Effective Safety Training Techniques
Two new employees, Bubba and Sally, need safety training. What do they need to know? What training techniques work best? What do we need to consider to provide the training? How do we know if the training was effective?
Let's analyze these questions by further asking:
--What do we consider in designing the training?
In this article we'll go over some of the steps to take before you begin designing your training program. Let's find out how to answer these questions and put together the best training program you can.
Designing the Training
Goals and Objectives: Do we need education or training, or both? We should use a team approach to design our training to obtain a variety of input and experiences. The team will conduct a walkthrough audit to determine deficiencies and needs. We'll also review OSHA's training requirements to meet regulatory specifications.
There are two basic reasons to provide safety training:
Level of Knowledge and Skill of the Participants: Let's determine the educational and experience background of our new employees. What is their length of service in our industry? Would this be brand new or retraining for them? We'll distribute a questionnaire or pretest prior to the training to get an idea of their skill and knowledge. Maybe we can even have them take a standard aptitude test.
Time Allotted: This can turn out to be critical. Do we spread out the training over several days or weeks, or cram it into a short period? Will management let them go for a sufficient time? What about the impact on the workers who must fill in for our trainees? Do we cover key points or add details? Also, the mind can comprehend only what the rear end will endure.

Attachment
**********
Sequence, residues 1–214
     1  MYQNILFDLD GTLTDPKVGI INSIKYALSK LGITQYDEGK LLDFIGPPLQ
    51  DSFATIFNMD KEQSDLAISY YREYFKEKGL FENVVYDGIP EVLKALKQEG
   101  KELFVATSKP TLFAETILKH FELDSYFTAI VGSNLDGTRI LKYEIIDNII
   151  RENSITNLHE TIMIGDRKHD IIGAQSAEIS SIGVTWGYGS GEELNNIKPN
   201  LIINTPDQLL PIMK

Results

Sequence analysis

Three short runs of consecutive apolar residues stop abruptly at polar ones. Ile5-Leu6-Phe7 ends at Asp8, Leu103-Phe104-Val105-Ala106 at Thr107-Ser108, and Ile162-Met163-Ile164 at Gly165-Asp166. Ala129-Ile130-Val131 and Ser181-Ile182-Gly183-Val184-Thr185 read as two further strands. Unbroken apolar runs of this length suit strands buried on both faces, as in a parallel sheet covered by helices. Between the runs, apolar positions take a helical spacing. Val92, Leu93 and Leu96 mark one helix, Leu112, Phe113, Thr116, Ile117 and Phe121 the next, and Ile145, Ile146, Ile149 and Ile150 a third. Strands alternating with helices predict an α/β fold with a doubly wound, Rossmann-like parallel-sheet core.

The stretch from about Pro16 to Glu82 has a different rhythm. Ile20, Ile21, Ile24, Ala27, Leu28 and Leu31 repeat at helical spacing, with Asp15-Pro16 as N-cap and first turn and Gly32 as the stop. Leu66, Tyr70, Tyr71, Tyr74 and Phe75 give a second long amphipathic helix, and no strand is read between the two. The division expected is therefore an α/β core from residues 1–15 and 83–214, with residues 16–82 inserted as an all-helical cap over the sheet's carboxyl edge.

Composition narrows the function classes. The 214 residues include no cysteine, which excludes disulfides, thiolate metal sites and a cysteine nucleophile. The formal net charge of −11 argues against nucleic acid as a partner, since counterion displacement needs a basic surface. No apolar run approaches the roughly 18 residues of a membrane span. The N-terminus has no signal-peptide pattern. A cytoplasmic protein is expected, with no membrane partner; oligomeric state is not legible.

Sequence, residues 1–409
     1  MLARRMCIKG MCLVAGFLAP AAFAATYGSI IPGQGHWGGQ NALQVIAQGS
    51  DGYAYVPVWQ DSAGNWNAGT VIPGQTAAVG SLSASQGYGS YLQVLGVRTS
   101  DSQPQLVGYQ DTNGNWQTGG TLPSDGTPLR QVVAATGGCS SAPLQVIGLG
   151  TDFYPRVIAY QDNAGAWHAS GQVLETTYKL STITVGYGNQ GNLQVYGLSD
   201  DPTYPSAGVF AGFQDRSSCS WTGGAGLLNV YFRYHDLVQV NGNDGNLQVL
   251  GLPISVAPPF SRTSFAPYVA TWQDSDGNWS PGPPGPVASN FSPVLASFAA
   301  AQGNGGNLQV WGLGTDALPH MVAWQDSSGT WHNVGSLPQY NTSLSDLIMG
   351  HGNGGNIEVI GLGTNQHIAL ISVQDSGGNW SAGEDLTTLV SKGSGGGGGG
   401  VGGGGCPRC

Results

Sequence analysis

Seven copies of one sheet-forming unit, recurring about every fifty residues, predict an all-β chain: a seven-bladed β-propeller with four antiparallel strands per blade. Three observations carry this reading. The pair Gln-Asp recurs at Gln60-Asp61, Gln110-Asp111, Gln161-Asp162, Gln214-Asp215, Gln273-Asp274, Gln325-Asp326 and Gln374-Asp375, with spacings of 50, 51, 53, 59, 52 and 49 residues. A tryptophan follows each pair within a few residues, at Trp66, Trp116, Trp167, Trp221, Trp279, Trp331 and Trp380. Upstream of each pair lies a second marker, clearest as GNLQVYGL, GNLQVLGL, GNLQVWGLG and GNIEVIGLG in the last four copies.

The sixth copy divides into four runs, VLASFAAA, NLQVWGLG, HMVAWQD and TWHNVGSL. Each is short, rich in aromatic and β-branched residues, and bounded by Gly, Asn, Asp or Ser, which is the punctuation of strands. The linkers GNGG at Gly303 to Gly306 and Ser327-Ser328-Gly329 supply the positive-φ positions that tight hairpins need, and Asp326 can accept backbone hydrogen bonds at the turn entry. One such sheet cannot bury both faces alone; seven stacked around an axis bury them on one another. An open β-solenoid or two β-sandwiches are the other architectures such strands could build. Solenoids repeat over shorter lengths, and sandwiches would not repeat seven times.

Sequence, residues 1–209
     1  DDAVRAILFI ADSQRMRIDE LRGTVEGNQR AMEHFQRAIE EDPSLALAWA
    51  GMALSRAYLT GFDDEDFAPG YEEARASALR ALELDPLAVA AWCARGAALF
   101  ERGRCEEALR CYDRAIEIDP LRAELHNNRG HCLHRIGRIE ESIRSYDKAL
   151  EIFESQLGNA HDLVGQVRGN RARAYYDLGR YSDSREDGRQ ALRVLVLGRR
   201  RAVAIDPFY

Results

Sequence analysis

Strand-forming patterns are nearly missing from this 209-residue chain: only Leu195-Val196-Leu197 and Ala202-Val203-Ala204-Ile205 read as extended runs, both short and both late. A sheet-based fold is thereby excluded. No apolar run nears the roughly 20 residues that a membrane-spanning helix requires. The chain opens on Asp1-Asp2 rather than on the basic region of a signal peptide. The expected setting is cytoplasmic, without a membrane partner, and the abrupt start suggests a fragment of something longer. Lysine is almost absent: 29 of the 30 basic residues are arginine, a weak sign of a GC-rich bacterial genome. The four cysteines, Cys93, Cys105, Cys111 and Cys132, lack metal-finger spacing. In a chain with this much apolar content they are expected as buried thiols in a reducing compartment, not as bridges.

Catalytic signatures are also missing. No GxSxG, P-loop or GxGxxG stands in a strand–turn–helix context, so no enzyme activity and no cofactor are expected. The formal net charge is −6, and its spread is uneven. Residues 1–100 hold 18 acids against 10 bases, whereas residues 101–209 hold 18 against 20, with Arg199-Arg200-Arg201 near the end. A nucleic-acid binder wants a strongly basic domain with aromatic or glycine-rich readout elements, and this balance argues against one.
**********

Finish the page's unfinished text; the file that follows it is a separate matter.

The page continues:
Training Facility and Equipment Available: Let's use a variety of audiovisual, show-and-tell, and hands-on aids. Can we get a quiet training room away from the distractions of production? Classroom style seating encourages formality, while U-shaped seating encourages discussion and participation. Will our training be all classroom or can we get our trainees out into the facility on a field trip?
Amount of Participation By the Attendees: Would our goal be to pump information into the trainees and see if they can they participate? How about some role play, exercises, demonstrations, and even having the participants handling some of the training duties? Let's give a post-test to make our trainees determine their own deficiencies, and tell us what more they need.
Types of Training
Now let's see if our training paid off and our planning was effective. We'll interview and observe new and transferred employees to determine if they are doing the job right. Let's check our documentation of the training and our training content. Using our OSHA Required Training checklist, we'll make sure we included all of the regulatory issues.
We'll give the new employees a critique sheet to get their opinions of our training. They are our best bet to help us improve. That will also tell us if our trainers are qualified. I'm going to join a trainers' professional group, attend their meetings, join in roundtables to discuss ideas, and read a professional training journal each month. You bet I'll stay informed. Bubba and Sally aren't going to be ill-prepared to do their jobs on my watch!